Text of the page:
Japanese taiyaki are filled pancakes cooked in the shape of a fish. I imagine the fish is a symbol for luck, but at its most simple form, it’s a pancake with filling. I’ve seen different variations of it around Asia. In Hong Kong and Taiwan, it comes in a circular shape and the texture is somewhere between a pancake and a waffle.
The taiyaki are served warm, right off the griddle, while the filling is still warm. Usually, it will be filled with popular Asian fillings such as mashed red bean, custard, green tea custard, sesame or as I had seen last year in Japan, pumpkin cream.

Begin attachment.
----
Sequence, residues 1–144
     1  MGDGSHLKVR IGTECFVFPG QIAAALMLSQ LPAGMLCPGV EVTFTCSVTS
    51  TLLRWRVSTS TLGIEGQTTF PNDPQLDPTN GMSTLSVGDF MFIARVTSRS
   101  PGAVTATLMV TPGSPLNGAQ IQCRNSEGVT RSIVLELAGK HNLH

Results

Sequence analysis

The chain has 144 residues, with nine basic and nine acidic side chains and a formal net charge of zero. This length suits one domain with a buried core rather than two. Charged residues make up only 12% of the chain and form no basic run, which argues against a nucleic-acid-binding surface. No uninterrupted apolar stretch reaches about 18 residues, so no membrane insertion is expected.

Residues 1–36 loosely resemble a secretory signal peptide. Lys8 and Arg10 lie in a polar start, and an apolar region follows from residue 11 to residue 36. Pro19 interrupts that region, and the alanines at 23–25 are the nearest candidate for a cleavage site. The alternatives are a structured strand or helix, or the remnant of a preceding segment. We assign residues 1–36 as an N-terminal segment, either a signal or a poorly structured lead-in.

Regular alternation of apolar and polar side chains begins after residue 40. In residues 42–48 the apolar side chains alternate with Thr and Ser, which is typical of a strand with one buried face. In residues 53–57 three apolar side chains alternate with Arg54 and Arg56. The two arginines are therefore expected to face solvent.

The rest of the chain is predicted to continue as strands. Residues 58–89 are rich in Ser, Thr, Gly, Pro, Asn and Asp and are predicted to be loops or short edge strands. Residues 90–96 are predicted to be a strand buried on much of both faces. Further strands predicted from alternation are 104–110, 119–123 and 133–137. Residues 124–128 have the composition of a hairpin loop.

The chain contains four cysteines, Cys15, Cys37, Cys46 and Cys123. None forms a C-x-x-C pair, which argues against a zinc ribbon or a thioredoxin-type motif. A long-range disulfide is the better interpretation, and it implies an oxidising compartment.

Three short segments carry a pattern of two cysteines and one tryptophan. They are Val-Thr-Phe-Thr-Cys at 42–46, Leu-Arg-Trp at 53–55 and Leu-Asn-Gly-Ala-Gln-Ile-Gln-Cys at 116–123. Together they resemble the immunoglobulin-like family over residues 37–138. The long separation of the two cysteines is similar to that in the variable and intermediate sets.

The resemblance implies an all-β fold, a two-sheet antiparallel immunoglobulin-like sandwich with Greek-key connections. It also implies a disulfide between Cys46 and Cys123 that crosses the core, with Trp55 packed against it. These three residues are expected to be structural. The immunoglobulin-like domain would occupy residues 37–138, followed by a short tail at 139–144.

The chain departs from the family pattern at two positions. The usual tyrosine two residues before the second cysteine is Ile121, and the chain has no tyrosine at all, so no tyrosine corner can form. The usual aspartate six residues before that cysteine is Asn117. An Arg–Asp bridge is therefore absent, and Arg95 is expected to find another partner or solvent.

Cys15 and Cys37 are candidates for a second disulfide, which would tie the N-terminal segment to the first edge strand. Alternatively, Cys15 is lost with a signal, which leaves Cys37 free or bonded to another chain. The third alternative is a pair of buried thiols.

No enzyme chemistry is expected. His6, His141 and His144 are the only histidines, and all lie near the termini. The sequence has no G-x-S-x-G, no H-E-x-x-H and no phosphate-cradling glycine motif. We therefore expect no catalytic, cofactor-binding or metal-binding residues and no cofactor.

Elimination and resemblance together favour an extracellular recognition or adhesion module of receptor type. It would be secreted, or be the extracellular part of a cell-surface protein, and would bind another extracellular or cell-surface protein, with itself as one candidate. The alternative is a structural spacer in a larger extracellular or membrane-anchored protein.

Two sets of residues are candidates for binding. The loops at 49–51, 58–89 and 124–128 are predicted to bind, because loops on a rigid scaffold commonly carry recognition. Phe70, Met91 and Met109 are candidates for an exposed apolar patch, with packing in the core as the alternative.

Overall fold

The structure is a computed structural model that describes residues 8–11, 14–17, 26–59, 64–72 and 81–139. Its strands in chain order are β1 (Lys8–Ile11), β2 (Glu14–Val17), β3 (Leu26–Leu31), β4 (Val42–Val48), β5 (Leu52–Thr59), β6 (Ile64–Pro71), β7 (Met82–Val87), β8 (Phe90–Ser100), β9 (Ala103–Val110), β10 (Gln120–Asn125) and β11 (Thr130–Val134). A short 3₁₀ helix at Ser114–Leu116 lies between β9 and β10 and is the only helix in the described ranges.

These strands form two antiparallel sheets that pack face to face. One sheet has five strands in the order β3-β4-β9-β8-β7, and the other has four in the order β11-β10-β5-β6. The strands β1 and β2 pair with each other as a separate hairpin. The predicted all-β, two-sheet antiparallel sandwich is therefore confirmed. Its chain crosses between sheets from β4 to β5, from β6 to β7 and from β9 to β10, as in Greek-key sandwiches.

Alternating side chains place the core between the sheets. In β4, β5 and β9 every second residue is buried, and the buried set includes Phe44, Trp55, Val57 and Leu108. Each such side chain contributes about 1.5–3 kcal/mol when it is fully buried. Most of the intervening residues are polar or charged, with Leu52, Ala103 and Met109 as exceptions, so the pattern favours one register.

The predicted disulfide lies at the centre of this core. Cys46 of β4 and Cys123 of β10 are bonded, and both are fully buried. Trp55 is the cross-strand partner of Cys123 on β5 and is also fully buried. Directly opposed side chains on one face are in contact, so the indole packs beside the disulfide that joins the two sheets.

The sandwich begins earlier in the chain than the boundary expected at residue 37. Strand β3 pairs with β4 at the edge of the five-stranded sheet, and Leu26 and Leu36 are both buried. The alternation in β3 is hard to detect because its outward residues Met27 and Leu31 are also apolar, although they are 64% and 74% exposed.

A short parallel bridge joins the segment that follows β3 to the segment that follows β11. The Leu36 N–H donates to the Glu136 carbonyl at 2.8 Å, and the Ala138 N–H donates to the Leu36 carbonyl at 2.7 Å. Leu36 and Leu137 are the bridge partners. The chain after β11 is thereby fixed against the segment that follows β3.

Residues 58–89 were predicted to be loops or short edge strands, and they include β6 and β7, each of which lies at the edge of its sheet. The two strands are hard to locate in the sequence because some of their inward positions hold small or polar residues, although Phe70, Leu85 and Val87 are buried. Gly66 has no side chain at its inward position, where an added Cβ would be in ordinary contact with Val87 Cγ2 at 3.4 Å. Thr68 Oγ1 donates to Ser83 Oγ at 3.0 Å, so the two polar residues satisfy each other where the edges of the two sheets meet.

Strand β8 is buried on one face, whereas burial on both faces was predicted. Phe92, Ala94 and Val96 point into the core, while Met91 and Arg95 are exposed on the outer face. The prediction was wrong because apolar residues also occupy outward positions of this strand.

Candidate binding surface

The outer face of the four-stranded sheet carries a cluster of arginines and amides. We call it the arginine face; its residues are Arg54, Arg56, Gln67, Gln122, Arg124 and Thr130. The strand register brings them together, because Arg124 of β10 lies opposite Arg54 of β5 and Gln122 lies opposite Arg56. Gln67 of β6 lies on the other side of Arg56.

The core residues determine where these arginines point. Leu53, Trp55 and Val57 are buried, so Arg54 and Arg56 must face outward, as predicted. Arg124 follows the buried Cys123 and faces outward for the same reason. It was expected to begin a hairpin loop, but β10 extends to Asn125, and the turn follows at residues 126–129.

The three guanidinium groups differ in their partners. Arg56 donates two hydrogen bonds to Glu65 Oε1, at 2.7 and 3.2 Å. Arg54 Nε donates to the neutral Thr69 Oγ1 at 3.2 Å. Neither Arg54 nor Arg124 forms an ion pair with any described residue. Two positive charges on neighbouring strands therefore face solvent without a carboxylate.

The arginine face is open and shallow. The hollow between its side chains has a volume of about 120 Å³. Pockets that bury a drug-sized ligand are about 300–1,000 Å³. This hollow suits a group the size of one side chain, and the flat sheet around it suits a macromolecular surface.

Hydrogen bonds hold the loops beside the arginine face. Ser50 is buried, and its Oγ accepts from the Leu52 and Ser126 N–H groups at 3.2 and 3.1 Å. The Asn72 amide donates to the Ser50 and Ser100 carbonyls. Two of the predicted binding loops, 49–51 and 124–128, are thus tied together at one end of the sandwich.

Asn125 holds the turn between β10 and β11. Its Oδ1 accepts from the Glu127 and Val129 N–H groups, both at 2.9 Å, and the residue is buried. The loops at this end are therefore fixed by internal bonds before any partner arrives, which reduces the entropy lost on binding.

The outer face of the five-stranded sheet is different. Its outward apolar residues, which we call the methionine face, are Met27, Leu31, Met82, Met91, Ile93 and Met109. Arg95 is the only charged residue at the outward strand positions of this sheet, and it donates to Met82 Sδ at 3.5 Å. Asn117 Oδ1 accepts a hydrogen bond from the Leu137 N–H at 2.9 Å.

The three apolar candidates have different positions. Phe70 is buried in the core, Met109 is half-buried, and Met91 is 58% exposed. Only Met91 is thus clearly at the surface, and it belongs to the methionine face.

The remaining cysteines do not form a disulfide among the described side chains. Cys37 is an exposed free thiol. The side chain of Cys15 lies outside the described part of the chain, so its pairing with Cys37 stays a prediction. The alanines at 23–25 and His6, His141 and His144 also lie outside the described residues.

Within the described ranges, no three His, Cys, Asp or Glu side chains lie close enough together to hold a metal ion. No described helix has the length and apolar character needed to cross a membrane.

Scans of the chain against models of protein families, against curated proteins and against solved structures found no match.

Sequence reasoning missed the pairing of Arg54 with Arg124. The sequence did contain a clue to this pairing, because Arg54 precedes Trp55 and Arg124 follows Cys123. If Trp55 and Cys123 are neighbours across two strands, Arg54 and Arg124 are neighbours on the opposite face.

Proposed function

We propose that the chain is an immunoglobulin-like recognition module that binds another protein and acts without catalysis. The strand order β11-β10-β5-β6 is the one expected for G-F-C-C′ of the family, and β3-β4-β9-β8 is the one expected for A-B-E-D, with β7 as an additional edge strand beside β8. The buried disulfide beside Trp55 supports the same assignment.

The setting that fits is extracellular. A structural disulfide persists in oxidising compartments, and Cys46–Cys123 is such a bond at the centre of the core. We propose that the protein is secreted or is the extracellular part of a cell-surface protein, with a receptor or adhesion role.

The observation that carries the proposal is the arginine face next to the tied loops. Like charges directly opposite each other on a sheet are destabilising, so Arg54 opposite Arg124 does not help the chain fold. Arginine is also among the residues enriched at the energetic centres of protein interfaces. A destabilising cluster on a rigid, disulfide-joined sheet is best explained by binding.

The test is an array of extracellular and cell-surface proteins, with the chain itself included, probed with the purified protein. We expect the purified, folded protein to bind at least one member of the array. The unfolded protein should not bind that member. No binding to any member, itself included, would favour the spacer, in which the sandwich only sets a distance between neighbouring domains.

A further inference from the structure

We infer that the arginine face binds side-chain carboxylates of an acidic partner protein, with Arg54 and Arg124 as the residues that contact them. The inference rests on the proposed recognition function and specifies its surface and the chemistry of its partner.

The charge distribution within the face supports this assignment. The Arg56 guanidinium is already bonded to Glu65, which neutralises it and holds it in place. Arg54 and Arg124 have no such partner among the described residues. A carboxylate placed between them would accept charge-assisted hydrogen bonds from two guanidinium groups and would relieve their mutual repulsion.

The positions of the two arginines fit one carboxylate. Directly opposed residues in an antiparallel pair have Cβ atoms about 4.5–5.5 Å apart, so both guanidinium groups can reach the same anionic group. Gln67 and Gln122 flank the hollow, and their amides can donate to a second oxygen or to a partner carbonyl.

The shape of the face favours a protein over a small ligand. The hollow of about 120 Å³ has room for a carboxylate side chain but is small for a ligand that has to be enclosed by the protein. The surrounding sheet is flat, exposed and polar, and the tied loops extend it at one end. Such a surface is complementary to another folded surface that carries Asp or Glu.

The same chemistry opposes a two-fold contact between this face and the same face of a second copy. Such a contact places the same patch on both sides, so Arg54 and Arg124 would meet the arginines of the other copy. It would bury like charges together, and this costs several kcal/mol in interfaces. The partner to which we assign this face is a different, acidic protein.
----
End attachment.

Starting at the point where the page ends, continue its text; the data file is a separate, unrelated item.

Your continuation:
You can order an at-home taiyaki griddle or just use a muffin pan and make a top and bottom, putting filling in on one the halves. A word to the wise about these taiyaki griddles is that it is very hard to evenly heat them. Especially if you have an open gas stove, be prepared for patchy fish that may be more burnt in some areas than others. Know that the final product will taste good even though the fish may not be evenly colored.
If you’re nit-picky like I am, use a skewer to lift up the pancake to check whether it is the color you want before flipping it. In general, it takes about 3 minutes on medium heat, but it really depends on your stove and your batter.